There are a huge pile of actions that the government and white citizens took towards Native Americans in the 19th century that are truly awful (and yes, before and after that century as well). But I'm getting tired of the genocide narrative, that paints the natives as innocent victims, on par with genocide victims like the Armenians, the Ukrainians, or the Jews.
Because it just isn't so. There were some pretty solid reasons for the fear, the loathing, the animosity. Just as the hagiography that paints America's founders as some kind of blessed saints is a false reading of history, so too is the portrayal of the white settlers' actions towards Native Americans as a genocide, and perpetrated for no reason. Time to go all Howard Zinn on this below the fold.
Start with deaths. Jared Diamond's excellent "Guns, Germs, and Steel" conclusively establishes that it was the germs that killed off 90% of the natives who died. Really, it was.
Even the settlers from the Mayflower were beneficiaries of disease wiping out the natives, shortly before their arrival. as they encountered a coastal New England that had been fortuitously cleared of inhabitants by the time they landed.
Fast forward from there two generations, and we get the attempted genocide of Metacom's Rebellion, aka King Philip's War
The war was the single greatest calamity to occur in seventeenth-century Puritan New England. In the space of little more than a year, twelve of the region's towns were destroyed and many more damaged, the colony's economy was all but ruined, and much of its population was killed, including one-tenth of all men available for military serviceGee, you think that might have left the early settlers feeling a little animosity towards the natives? And before you claim this was just a corner of the early colonies, remember that even today one in seven Americans is descended from of of Puritan New England's colonists. It was a huge scar on the proto-nation's psyche.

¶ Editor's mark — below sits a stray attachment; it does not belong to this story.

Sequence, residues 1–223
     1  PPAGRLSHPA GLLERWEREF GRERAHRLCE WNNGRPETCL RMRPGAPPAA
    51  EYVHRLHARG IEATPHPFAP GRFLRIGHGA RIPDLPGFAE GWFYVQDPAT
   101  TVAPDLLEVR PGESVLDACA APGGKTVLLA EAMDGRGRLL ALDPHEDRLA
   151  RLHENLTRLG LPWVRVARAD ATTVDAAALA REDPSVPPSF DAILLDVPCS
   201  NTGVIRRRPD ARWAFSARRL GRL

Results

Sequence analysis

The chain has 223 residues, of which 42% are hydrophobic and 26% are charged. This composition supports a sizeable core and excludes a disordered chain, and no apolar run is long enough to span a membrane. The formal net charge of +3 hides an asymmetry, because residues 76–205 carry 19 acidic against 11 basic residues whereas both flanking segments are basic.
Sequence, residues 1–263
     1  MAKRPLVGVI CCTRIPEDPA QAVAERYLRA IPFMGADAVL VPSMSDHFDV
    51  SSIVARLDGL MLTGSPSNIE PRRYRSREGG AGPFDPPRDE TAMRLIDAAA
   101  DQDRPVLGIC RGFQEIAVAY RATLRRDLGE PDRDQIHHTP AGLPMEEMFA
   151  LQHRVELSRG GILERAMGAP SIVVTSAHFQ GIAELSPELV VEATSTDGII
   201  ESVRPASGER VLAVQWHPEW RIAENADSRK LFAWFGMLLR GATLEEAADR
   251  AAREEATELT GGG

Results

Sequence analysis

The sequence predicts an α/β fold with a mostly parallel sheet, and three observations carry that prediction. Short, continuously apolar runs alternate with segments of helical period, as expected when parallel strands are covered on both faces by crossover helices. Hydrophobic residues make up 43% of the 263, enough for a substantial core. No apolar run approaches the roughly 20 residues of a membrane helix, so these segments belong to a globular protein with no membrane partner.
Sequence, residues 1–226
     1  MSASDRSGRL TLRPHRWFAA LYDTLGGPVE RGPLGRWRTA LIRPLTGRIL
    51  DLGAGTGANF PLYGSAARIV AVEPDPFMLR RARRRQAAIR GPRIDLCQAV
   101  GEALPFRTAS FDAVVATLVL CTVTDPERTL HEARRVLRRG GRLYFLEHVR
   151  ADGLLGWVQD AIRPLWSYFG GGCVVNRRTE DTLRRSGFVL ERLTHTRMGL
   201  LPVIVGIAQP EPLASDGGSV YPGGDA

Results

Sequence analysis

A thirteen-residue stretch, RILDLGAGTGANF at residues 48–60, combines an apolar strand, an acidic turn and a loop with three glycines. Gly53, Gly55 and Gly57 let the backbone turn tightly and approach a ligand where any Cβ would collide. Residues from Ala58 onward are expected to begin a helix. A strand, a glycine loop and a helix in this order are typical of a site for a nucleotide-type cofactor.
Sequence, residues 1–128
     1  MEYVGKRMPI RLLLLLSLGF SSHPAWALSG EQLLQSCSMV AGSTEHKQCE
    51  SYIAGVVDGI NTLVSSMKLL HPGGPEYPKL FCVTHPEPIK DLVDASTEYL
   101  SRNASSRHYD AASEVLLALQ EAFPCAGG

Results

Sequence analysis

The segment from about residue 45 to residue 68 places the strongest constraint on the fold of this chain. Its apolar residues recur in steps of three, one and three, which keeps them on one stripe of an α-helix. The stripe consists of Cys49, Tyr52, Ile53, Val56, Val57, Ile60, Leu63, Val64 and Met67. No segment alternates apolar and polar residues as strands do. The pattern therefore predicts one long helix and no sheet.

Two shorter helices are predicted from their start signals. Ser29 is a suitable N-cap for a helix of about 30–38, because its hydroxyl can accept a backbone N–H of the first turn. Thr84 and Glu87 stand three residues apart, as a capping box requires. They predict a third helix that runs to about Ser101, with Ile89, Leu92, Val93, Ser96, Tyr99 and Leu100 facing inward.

Roughly three generations later the Native Americans allied with the French in a campaign against the English settlers, the French-Indian War
Ironically, it was in part the British attempts to make the colonists pay off the cost of this war that propelled colonial protests in to what turned in to the American revolution.
To preempt the inevitable straw men and non-sequiters: what would I expect the natives to do if their land was invaded? Tough question. Perhaps the conflict between hunter-gatherers and farmers was inevitable, or maybe it wasn't. I don't know, and the answer doesn't speak to the point of this diary: it wasn't a one-sided genocide against a group that was falsely portrayed as a threat. The threat was, historically, real.
Do I think this justifies the Trail of Tears, etc? Well, justify is a tricky word, but it might explain it: if the white settlers are absolutely convinced they can't peacefully co-exist with the natives, because of many experiences in the past of being attacked, then the Indian Removal Acts start to make a certain amount of sense. Move people en masse, with many dying, or leave them in place and have all of them slaughtered.
Again, I'm not claiming Ol' Hickory was a sweet guy or that he couldn't have made more humane choices, this is a call for some historical perspective. And moving people from a place where they're going to get massacred by the locals is, actually, preventing genocide.
But this being Kos, where saying anything outside the accepted wisdom is greeted with about as much enthusiasm as facts on a freeper thread, I expect to see epic levels of poutrage and posterior pain here. So go on, tell me how this is just like the Nazi era Jews, what Turkey did to the Armenians, or what Stalin did to the Ukraine. The false equivalence should be epic.
Let the hating begin.